“He said the elderly must be protected from contact, then declared he hoped to visit his mother. Desperate doctors and nurses were warning of imminent disaster, and some of his cabinet were in revolt at his failure to grip the crisis, risk his jolly image and order Britain closed. On Monday, finally, he had to announce that Britain’s lockdown had begun.
“Even then, at this time of profound national fear and disorientation, Mr. Johnson could not speak with gravitas, only with the odd, stagy emphasis of a man pretending while half his mind is elsewhere. His whole political appeal has always rested on his capacity for artful ambiguity, for never necessarily meaning anything he says, for amusing and uplifting people, for avoiding hard facts. It’s what he knows, but not what we need.”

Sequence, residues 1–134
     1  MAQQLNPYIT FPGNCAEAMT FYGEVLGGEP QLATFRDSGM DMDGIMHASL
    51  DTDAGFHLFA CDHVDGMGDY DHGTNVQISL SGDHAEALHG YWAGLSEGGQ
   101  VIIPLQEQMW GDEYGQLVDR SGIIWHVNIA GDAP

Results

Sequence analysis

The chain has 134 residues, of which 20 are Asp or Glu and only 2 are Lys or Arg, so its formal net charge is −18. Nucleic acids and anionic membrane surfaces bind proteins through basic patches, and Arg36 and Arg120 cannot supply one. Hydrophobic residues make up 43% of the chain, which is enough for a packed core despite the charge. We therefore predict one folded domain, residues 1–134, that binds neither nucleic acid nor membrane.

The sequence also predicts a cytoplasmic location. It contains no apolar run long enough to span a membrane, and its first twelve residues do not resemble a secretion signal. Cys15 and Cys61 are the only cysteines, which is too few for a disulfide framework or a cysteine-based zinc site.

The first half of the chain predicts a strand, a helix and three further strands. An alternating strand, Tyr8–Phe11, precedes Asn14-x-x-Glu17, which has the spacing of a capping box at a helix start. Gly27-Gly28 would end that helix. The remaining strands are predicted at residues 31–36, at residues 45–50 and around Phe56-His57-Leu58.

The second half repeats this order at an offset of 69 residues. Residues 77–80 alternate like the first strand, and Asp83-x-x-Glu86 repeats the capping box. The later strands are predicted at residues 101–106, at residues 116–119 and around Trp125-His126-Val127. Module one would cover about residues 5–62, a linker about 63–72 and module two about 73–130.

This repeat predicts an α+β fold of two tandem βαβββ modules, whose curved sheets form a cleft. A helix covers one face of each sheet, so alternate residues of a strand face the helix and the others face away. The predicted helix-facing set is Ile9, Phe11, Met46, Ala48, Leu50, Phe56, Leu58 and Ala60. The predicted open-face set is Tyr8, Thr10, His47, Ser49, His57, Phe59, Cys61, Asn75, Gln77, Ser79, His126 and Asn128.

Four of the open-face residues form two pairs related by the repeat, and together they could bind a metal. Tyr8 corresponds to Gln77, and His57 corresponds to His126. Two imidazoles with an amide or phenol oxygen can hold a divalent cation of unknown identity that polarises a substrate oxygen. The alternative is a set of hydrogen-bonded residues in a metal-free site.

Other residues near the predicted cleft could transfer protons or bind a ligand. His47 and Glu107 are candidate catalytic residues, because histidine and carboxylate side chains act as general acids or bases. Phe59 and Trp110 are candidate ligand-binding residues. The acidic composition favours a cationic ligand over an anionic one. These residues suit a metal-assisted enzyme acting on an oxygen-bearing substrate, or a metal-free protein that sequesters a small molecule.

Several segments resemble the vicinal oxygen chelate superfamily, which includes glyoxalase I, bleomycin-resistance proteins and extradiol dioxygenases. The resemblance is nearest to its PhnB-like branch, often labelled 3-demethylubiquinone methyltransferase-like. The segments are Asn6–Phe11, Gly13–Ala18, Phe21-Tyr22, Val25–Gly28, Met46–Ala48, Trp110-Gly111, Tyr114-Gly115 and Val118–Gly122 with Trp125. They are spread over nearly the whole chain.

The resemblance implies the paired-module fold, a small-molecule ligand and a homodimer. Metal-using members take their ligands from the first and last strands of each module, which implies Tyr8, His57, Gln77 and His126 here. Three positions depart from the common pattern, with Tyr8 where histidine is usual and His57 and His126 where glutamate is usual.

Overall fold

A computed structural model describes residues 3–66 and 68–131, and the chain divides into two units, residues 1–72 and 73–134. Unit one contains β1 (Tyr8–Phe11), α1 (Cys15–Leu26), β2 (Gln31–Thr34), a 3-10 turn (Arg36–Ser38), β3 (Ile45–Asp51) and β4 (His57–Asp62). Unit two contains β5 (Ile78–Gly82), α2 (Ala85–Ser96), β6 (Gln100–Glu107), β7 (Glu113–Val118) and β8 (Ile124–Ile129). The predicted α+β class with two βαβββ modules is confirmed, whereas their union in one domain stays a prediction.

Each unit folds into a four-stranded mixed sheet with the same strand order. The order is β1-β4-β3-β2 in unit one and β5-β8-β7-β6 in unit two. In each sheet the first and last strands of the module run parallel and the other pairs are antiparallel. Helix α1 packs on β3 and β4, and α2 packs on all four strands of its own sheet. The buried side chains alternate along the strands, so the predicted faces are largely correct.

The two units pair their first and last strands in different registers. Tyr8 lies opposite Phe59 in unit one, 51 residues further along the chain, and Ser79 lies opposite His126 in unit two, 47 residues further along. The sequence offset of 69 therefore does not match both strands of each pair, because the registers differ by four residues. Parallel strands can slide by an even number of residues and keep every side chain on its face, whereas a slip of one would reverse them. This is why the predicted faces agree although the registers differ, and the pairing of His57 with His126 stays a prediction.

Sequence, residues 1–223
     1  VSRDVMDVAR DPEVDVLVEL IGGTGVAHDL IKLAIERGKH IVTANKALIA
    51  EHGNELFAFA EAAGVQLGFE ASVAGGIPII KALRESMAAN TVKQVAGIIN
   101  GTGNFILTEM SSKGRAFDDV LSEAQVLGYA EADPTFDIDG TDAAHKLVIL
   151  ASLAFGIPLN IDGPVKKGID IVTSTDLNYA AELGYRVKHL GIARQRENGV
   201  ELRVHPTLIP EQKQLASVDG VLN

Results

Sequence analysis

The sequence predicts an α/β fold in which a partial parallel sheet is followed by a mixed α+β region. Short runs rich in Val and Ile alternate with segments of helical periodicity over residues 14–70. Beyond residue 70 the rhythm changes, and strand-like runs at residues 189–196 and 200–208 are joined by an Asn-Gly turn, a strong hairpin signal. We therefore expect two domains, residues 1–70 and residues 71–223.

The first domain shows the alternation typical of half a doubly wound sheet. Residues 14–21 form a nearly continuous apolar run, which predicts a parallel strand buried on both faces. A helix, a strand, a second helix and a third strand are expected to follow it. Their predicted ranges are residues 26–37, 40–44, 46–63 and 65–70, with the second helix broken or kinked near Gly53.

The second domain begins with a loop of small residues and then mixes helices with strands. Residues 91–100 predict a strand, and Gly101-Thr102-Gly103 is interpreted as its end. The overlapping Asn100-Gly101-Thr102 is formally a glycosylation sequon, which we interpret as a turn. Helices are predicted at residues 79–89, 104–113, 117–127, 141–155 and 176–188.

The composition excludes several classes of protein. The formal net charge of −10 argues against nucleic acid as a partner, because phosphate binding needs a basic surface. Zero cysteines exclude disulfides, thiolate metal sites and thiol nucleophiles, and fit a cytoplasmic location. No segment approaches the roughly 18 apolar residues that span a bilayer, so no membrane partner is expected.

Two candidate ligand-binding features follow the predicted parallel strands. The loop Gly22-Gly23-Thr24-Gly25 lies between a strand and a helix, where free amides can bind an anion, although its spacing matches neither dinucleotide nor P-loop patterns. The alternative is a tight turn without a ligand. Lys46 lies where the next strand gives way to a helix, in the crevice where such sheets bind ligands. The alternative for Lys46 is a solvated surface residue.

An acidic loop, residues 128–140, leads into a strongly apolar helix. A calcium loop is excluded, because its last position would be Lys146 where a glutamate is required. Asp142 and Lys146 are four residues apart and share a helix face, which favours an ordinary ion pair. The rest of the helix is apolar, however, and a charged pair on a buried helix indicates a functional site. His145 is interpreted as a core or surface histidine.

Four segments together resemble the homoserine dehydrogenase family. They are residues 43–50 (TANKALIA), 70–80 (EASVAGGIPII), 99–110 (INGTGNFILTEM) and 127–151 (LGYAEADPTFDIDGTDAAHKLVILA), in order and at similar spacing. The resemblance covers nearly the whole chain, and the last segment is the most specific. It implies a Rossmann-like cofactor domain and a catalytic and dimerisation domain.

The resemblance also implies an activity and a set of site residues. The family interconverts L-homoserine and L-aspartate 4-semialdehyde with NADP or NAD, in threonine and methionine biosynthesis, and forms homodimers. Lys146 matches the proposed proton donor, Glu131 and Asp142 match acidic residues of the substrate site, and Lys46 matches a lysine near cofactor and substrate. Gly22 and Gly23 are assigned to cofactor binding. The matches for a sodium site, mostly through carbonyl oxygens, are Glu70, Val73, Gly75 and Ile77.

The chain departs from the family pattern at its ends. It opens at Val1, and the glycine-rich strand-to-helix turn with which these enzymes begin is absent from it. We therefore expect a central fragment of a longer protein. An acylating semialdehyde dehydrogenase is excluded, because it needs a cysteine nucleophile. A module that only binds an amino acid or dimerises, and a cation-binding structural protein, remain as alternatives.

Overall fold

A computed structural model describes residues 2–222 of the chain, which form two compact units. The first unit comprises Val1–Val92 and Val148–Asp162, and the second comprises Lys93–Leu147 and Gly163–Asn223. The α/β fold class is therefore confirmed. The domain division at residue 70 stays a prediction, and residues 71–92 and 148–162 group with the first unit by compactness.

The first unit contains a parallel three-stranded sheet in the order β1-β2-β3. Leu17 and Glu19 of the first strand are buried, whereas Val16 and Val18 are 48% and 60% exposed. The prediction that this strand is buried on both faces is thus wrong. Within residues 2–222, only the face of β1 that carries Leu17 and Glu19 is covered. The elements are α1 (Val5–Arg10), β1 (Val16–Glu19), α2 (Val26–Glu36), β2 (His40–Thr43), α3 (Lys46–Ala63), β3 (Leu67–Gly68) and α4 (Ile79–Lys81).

(Apologies to the NYTimes for quoting so much of the article but the facts it contains, and the conclusions it draws, should be drawn to the attention of the UK’s population.)
Given all of these criticisms, it is perhaps unsurprising that Mr Johnson has decided that discretion is the better part of cowardice and is remaining in retreat from the public.
Apparently he still has coronavirus symptoms and is therefore continuing his self-isolation.
Some of us are sceptical, including This Site’s old friend Samuel Miller.
He said Johnson “may stay inside a fridge” – referring to the incident in which our great and illustrious prime minister hid inside a refrigerator to escape having to answer difficult questions.
Boris Johnson still has Covid-19 symptoms and may stay inside a fridge | Politics | The Guardian https://t.co/LuLF1qBTFL
That’s Boris Johnson for you. That’s the prime minister we elected. A man who spouts nonsense at us and then runs away and hides.